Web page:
It stays true to the original aesthetic. Harkening back to a 1970’s Mido diving watch. Carrying over the design elements of the bezel, the orange lollypop second hand (which happens to be the official color of Mido), the rectangular minute and hour hands, the crown guards, and the date/day complication. Here was a watch that would take you anywhere – and would never miss a beat.
Red Bull Cliff Diving World Series
In 2019, Mido chose to launch the Ocean Star Tribute at none other than the Red Bull Cliff Diving World Series.
The 75th Anniversary Special Edition Mido Ocean Star Tribute is something to behold. Somehow it pays respect to both their mid-century professional dive watches and their dressier sports watch they were known for. It has a classic 60s dial and diver bezel with a luxurious bracelet. The bracelet is refined, polished, and incredibly well executed. With a beautiful clasp and divers extension.
Watch experts such as Teddy Baldassarre remarked that the bracelet was of a quality that one could not find in the $1150 price range. Saying, “One of the best bracelets I’ve found in a dive watch … As you go out you get to handle hundreds, if not thousands, of watches. You get more of an appreciation for certain things. You get to really hone in on what works and what doesn’t. The Mido Ocean Star just simply works.”
As of the last published COSC certifications, Mido is actually fourth in line for producing the most chronometer certified watches, among the top of Rolex, Omega and Breitling. Which does tell the story of what Mido really cares about when it comes to producing their watches: Swiss precision and quality.
The movement is the Mido Calibre 80. Which is based on the highly regarded Swiss made ETA 2824-2 movement. But modified for an accurate 80 hour power reserve. It’s known as a precise, reliable, and robust mechanical movement. The refined 80 hour power reserve movement is made exclusively for certain Swiss companies. The Mido Calibre 80 improves upon the design with their pallet fork, balance spring, escape wheel, materials and finishes. As Mido CEO Franz Linder says about the movement, “We have certain standards of our own, where we try to go even further.”
The bezel is steel, unidirectional, and 60-click. It has a bit of lateral play – but does slot into place and lines up precisely.
It has a matte black dial with lumed indices that change color from a pale green to a light cream depending on the the light. Of note is the crown guard, true to the original. Not a common feature of 1960 and 1970 dive watches.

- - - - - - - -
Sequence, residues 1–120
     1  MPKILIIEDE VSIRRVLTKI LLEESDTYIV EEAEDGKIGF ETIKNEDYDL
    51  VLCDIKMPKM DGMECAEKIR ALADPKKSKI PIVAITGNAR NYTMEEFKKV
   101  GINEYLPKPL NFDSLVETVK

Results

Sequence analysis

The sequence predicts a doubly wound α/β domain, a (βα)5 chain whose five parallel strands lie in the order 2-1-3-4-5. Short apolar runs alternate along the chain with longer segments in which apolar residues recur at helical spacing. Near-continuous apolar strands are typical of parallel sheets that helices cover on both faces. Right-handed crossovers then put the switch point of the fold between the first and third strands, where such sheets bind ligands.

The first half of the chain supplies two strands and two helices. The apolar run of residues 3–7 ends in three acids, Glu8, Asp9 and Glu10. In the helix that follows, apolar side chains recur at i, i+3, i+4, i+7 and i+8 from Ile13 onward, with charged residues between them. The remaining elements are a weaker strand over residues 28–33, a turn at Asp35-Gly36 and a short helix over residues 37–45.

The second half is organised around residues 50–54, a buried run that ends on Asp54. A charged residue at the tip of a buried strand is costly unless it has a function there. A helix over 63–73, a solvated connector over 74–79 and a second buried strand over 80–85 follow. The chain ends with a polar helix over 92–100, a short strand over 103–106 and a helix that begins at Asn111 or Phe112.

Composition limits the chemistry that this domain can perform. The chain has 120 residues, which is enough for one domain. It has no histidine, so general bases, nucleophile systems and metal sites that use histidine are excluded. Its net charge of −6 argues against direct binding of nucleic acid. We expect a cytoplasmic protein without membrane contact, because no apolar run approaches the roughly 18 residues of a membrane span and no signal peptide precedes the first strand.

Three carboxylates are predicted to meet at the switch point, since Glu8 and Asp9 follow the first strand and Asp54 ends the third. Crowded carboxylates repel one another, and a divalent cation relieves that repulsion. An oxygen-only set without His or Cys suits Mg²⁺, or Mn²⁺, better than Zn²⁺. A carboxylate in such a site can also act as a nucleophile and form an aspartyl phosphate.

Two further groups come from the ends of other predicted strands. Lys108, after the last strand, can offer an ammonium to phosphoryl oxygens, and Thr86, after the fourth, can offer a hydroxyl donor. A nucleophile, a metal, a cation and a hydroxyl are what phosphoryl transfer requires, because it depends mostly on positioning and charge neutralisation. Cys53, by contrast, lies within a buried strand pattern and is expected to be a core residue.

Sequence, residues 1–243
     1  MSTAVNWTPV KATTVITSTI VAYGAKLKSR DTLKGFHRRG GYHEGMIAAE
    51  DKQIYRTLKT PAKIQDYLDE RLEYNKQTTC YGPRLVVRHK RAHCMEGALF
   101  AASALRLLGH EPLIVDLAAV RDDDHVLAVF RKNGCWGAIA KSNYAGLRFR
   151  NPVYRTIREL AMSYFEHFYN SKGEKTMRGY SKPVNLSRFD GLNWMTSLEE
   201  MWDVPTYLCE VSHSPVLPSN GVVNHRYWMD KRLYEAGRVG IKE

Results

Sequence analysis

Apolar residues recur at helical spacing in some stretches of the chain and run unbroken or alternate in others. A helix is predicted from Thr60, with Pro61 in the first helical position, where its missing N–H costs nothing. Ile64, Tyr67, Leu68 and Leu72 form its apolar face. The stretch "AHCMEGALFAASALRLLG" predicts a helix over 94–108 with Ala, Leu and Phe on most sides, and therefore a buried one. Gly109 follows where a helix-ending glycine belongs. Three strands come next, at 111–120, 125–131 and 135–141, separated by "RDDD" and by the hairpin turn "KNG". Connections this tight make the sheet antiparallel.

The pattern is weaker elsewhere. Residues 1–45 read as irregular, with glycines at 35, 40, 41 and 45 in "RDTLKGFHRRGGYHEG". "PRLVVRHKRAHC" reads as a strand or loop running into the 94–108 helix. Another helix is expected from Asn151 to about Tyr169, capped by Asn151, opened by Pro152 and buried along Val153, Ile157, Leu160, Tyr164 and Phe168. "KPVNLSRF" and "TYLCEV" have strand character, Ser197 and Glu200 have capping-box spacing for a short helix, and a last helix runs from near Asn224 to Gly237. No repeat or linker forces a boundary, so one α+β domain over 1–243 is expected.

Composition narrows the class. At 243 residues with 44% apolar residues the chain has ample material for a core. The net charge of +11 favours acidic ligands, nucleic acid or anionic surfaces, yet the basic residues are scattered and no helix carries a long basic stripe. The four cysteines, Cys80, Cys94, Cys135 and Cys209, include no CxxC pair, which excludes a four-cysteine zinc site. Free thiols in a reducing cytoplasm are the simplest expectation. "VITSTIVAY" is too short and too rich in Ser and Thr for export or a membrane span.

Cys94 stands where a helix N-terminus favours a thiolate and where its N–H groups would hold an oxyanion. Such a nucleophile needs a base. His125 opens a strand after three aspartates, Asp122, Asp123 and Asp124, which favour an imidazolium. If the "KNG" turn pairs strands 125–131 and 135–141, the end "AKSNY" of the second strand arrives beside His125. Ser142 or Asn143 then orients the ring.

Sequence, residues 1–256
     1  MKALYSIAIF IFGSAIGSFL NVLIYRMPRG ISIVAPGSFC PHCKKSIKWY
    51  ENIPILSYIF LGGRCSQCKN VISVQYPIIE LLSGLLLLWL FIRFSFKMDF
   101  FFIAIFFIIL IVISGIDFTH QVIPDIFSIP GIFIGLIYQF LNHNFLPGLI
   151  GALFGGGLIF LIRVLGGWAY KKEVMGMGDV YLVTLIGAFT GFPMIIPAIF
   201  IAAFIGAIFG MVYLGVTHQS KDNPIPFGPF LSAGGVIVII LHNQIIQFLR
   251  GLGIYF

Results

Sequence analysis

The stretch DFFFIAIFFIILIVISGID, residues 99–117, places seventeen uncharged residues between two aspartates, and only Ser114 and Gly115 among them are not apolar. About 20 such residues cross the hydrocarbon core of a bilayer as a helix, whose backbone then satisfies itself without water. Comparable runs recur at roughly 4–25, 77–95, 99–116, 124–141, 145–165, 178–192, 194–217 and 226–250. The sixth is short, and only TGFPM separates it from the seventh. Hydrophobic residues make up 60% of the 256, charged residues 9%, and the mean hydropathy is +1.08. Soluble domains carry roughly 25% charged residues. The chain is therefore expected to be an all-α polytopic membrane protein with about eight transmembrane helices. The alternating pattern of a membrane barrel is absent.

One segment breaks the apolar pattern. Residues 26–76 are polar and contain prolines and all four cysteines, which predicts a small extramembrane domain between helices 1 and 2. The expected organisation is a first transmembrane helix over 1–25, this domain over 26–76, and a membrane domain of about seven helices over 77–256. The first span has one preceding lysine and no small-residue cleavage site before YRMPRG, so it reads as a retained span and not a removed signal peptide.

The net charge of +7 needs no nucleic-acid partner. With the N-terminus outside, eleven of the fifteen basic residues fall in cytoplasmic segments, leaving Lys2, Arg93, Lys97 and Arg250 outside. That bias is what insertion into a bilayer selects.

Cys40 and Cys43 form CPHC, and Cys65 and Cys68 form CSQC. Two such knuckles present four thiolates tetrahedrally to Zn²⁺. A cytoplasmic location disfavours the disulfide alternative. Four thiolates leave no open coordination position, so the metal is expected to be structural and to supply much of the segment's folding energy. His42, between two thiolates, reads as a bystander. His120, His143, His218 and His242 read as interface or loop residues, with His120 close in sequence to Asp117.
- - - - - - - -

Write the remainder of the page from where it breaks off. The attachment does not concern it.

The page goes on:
In short, the classic styling, the domed crystal, the embodiment of an era, the dual nature of tool and class – all appeals to me.
There’s something beautiful about quality workmanship that can withstand a life of use and still be serviced to carry with it the stories of a one generation to another.
The Mido Ocean Star has the aesthetic je ne sais quoi. Embodying style, functionality, quality, a bit of 60’s flare, and Swiss pride. Finding this watch was unexpected, like hiking a trail, looking down and spotting a jewel. I purchased it the same day I discovered it from a Canadian watch house. And haven’t looked back.
Mido Ocean Star Tribute Features
The retro look of the indexes is perfectly offset by the black dial, orange second hand and bezel.
- 40.5mm case diameter
- 13.43mm case height
- Boxed saphire crystal
- Aluminum insert bezel
- Super-LumiNova Applied Indexes
- Screw-down crown
- Automatic Mido Calibre 80 Movement (ETA C07.621 base)
- Elaboré grade
- 80 hour power reserve
- 20 bar (200 m / 660 ft) water resistance
- Hour, minute, second, day and date functions
- Made in Switzerland
The black dial Ocean Star Tribute is an honest and timeless design.
I’d been on the hunt for a do-it-all watch that would wear a lifetime. A waterproof, all-weather, timepiece that would suit an active life of cycling, hiking, swimming, backcountry skiing, business casual, travel and motorcycling.
The Mido Ocean Star Tribute fits the bill. It’s practical, designed to withstand the pressures of the deep and as such is built to tighter tolerances. It has the built in bezel timer. And I plan on keeping the it for a lifetime. The Mido Ocean Star Tribute was exactly what I was looking for.
Discovering the Mido sparked a curiosity to uncover more about this elegant watch maker. And I’ve found the journey of researching the history behind the watch as fascinating and rewarding as the use of the watch itself.
If you have any information, please comment below as it all helps the community.
Reviews by watch enthusiasts.
- Video The Ultimate Vintage Reissue Diver Comparison
- Article Mido Ocean Star Tribute Review
- Video Teddy Baldassarre’s Ocean Star Tribute Review
- Article Mido Ocean Star Special Edition
- Video 75th Anniversary Special Edition Review
- Video A magnificent Vintage Reissue
- Video Taking the Mido for a swim
The community of Reddit has put together a great resource guide on Mido. The common theme is that they are of high quality and one will not regret owning a Mido.